Obsolete people

Are the American people obsolete?
The richest few don’t need the rest of us as markets, soldiers or police anymore. Maybe we should all emigrate

In every industrial democracy since the end of World War II, there has been a social contract between the few and the many. In return for receiving a disproportionate amount of the gains from economic growth in a capitalist economy, the rich paid a disproportionate percentage of the taxes needed for public goods and a safety net for the majority.
Michael Lind

Cleverly written piece but like so much commentary, short on solutions. The elite do not own real wealth, they only control the symbols (money) of it. That money is equated with power, used to control the rest of us, the now notorious 99%. What jobs cannot be automated have been outsourced to cheaper labor markets. Modern warfare is conducted at a distance using automated systems so cannon fodder will become increasingly unnecessary. Policing however will be a growth sector as greater numbers will be needed to subdue mounting unrest.

What the 1% does not seem to realize is that the great unwashed and unhoused masses are an essential part of the equation. Leaving them out brings down the entire economy. As wage slaves they are not mere cogs in the machine to be discarded and replaced by electronic circuits. They are also consumers of the end product, by orthodox reckoning responsible for generating 70% of GDP, meaningless as that index is.

If we eliminate money and implement a values-based system the elite can hang on to their riches and repair to an appropriate niche for the survival and sustainability of the environment and all in it.

Beginner’s mind

… seemingly technical economic questions have crowded out questions of justice and the common good. I think there is a growing sense, in many societies, that G.D.P. and market values do not by themselves produce happiness, or a good society.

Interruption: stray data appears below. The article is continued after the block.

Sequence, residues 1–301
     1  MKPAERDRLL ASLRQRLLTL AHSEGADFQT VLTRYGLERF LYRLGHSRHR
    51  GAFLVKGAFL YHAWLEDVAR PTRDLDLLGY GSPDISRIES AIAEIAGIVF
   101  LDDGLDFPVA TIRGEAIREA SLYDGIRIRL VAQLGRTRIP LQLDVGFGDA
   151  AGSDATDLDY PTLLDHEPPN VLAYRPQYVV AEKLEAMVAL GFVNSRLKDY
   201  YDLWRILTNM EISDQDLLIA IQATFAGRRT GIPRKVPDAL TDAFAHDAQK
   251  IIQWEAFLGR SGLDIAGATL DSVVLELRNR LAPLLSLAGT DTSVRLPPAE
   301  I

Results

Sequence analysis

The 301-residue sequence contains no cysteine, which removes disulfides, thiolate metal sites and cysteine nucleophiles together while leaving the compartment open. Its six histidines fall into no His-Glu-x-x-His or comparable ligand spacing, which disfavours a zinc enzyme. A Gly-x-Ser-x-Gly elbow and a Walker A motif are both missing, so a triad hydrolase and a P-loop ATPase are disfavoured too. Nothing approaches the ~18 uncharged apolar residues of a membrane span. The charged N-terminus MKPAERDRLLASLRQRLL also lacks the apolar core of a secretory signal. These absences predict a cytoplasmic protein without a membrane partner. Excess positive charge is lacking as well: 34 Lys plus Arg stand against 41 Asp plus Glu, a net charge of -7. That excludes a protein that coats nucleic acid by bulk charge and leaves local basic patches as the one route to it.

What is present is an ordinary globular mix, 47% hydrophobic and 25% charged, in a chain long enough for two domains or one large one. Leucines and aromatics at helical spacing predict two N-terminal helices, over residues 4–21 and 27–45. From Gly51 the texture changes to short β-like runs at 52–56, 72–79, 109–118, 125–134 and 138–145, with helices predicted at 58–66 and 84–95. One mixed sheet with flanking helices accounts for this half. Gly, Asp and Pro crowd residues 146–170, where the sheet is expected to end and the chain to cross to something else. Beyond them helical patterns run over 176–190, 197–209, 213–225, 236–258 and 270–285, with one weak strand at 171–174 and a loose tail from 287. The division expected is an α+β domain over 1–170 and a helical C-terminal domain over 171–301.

– Michael J. Sandel
in Thomas Friedman, “Justice Goes Global,” New York Times, June 16, 2011

Since the experts seem not to have a clue, it’s anyone’s guess, and fools rush in where angels fear to tread. Without any background or training in economics and little facility for figures, i venture to offer these musings on a possible scenario. Zen master Shunryu Suzuki maintains that being unburdened with expertise, offers a distinct advantage — in the beginner’s mind there are many possibilities, in the expert’s mind there are few. Bearing in mind also the dictum attributed to Einstein that everything should be made as simple as possible, but not simpler, let us strip matters down to their essence and go from there.

It takes imagination to conceive of a better future. This system is idealistic and utopian calling for social engineering and reform on a hitherto unprecedented scale. The thinking behind it couldn’t be any simpler but we have been too embroiled and entranced by the present monetary system to question it much less to consider supplanting it with something else. I cannot help but be inspired by the resolute efforts of the people of Tahrir Square and the Middle East, and latterly of the Occupy Wall Street movement. What they are doing makes me believe it can be done and this is time to do it. The status is no longer quo.

These are some rough notes which i share so that others more qualified may take some or other of the ideas and work them into a viable alternative to the mess that now obtains. Economics, the management of the planetary household is the bedrock on which our survival depends. There is not much time. I invite your feedback and input and hope that through our interactions a team will emerge to make this vision a reality.

A change of heart or of values without a practice is only another pointless luxury of a passively consumptive way of life.
– Wendell Berry